Even in a city famous for its concentration of huge commercial buildings, Birmingham's Royal Mail sorting office breaks several size records. For a start, it is the largest building in the city. With a footprint that covers two entire blocks, or 1.6 ha, it rises to five storeys and packs in 65 000 m² of floor area.

That's not all. Beginning next month, the building will be converted and extended, increasing the floor area to 100 000 m2 and making it the largest converted building in the UK – the same size as the entire Brindleyplace development.

On top of that, its developers claim it will be the largest mixed-use building in the country, bringing together double-height office floors large enough to house call centres, a huge shopping arcade, cafés and restaurants, a 200-bedroom hotel and 140 dwellings, all under one roof.

The £50m conversion project, christened the "Mailbox", is the brainchild of Alan Chatham and Mark Billingham, formerly development director and property consultant respectively for Brindleyplace. Their development company, Birmingham Mailbox, acquired the sorting office last April with funding from the Royal Bank of Scotland. Planning permission followed in October.

The architectural design, by Associated Architects of Birmingham, is straightforward and modern, and complements the utilitarian 1970s building. It revolves around a 200 m long street or arcade carved through the whole length of the building. The arcade will be lined by shops and a health club, with offices at the higher level. The 140 dwellings, built for Crosby Homes, will be at roof level, some converted from the existing top floor, but most erected as two-storey maisonettes on top of the existing roofslab.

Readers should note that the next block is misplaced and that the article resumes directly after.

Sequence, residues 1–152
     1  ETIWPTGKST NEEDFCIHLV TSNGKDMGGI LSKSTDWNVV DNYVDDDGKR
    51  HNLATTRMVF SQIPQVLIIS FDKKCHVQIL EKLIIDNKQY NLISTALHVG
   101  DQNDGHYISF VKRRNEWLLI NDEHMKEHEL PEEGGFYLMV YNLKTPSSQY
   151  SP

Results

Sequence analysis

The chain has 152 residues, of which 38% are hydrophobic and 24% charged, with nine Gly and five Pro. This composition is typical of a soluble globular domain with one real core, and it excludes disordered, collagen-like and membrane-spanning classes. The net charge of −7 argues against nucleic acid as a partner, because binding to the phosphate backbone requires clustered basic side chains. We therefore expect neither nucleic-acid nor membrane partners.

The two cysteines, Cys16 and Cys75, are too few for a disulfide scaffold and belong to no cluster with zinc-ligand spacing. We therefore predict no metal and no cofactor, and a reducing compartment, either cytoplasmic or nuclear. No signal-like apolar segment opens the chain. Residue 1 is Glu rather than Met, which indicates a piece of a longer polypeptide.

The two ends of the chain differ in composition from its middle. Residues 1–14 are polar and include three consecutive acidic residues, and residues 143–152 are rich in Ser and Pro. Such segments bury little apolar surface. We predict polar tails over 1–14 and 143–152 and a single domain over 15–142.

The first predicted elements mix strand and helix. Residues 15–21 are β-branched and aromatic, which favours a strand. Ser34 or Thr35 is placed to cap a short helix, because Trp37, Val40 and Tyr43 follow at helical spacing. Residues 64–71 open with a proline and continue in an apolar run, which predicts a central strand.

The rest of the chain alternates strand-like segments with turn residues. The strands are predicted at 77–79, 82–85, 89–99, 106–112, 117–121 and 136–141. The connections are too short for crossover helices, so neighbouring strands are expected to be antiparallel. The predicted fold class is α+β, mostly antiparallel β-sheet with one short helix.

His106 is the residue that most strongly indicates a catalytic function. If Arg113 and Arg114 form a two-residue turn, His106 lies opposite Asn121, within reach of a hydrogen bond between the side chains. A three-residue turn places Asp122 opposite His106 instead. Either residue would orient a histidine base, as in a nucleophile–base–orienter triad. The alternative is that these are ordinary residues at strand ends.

The entire construction project has been let as a design-and-build contract to Tarmac. Demolition will start next month, with shell-and-core standards being completed in May 2000.

Chatham comes across as remarkably unfazed by the scale of the planned alterations. "There isn't a huge amount of work needed to services and structure," he says. "Most of the works are to the external shell. And it's a massive building with big elements that can be worked on simultaneously. Even cutting a street through the interior is a non-issue, as the existing structure is just a big Meccano set with a steel frame on a 12 x 12 m grid. Lateral restraint is supplied by existing lift and stair concrete towers." At either end of the scheme, Mailbox will give two open spaces back to the cityscape. A canalside piazza will be created, where cafés and restaurants can spill over up to the water's edge, and a pedestrian suspension bridge will span the canal.

"This is the only piece of Birmingham's canal network that is orientated to the South-west," enthuses Chatham. "It's a very special place where there is a combination of water and sun, and the sun shines on you all afternoon." In Birmingham, even huge, deep-plan developments must now have their attractive outdoor spaces. How times have changed.

Project team

client Birmingham Mailbox concept architect Associated Architects project manager and quantity surveyor Silk & Frazier design-and-build contractor Tarmac design-and-build architect Hulme Upright Weedon structural engineer Curtins Consulting Engineers services engineer Couch Perry Wilkes landscape architect Gillespies

West Midlands